Team cracks RNA code, finds possible new cause of autism
An international team led by University of Toronto scientists Timothy Hughes and Quaid Morris has unraveled most of a code that controls how DNA becomes the proteins that make up cells, a process called gene expression and, in the process, uncovered a possible cause of autism.
The discovery cracks the “RNA control code,” which dictates how RNA — a family of molecules that mediates DNA expression — moves genetic information from DNA to create proteins.
“For the first time, we understand the language of a code that is essential to gene processing,” said Morris, a professor in U of T’s Donnelly Centre for Cellular and Biomolecular Research and the Banting and Best Department of Medical Research. “Many human diseases are due to defects in this code, so figuring out what it means is crucial to creating new treatments for many conditions.”
The scientific journal Nature published the study results in its July 11, 2013 issue.
The researchers translated the code with a biochemical technique developed by a research scientist in Hughes’ lab, Debashish Ray, and a student in Morris’s lab, Hilal Kazan. The team defined the meaning of “words” in RNA, allowing identification of patterns in RNA molecules that proteins use to control RNA processing and movement, which are often altered in disease.
One protein they looked at may explain some of the symptoms in children with autism. The researchers found that RBFOX1, a protein often turned off in the brains of patients, ensures the activity of genes important for the function of nerve cells in the brain.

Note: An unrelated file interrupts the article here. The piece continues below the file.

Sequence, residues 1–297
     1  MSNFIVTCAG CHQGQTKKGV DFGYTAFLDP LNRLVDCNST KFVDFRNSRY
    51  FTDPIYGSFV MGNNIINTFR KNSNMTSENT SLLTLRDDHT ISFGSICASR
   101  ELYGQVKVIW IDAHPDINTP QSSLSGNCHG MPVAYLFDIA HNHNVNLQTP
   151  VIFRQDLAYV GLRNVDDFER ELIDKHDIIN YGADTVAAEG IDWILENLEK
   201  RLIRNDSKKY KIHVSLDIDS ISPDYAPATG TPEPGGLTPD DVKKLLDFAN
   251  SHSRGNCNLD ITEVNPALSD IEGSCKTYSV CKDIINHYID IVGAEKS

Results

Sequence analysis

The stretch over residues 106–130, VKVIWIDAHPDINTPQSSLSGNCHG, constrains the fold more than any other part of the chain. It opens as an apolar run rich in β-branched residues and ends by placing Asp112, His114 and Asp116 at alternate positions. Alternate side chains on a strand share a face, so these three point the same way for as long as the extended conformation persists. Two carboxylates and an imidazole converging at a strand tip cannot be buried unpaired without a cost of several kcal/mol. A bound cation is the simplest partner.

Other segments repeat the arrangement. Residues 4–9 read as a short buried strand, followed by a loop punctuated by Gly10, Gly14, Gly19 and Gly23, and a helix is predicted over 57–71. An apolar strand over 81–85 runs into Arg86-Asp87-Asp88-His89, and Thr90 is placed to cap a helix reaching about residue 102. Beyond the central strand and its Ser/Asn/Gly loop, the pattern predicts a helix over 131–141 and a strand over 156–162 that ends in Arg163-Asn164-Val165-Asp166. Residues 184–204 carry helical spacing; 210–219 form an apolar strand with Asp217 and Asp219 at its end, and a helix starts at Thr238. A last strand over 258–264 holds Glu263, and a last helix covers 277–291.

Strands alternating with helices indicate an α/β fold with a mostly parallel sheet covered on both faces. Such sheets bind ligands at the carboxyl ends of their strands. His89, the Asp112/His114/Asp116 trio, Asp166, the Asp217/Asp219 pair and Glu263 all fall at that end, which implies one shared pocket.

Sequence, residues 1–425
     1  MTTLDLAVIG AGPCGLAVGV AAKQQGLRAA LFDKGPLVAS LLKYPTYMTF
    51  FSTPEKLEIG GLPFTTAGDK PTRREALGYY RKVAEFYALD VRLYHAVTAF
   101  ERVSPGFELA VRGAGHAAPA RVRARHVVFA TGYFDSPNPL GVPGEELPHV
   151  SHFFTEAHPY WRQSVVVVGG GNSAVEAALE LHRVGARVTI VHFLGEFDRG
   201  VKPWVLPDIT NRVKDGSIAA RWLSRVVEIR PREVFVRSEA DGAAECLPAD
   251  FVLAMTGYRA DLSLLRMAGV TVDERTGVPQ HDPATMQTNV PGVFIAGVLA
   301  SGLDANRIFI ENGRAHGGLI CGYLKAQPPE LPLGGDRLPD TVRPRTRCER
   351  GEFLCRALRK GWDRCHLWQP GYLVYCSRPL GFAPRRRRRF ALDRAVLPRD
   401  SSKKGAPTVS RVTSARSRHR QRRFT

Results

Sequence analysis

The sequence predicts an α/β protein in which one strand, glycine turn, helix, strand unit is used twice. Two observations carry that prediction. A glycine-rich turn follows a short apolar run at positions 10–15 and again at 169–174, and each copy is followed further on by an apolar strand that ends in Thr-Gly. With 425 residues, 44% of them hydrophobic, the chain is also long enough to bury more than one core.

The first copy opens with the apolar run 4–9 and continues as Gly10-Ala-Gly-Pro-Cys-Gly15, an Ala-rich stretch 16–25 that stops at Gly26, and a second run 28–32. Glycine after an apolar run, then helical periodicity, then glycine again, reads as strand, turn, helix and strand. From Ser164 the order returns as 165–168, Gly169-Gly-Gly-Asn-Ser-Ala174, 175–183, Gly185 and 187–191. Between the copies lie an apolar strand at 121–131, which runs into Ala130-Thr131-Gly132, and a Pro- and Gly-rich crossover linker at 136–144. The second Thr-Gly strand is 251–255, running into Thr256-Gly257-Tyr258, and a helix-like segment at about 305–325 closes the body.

“This was a surprising finding, because we knew RBFOX1 controls gene expression, but had no idea it also stabilizes RNA,” said Hughes, a professor in the Department of Molecular Genetics and the Donnelly Centre. “It’s a good example of the predictive power of the RNA control code, which we think will really open up the field of gene regulation.”
Hughes said the work also shows that the RNA control code may be easier to interpret than a similar control code in DNA. Researchers have been struggling for years to understand this DNA control code, but the new results suggest RNA control could offer a more fruitful area of inquiry, with autism as just one example.
The team is now working with autism experts to assess the potential of RBFOX1 in autism therapies, and exploring promising leads on the roles of unstudied proteins in many other diseases.
The Canadian Institutes of Health Research and the U.S. National Institutes of Health funded the research, with trainees supported by the Canadian Institute for Advanced Research, National Science and Engineering Research Council of Canada, and the Human Frontier Science Program.
Jim Oldfield is a writer with the Faculty of Medicine at U of T.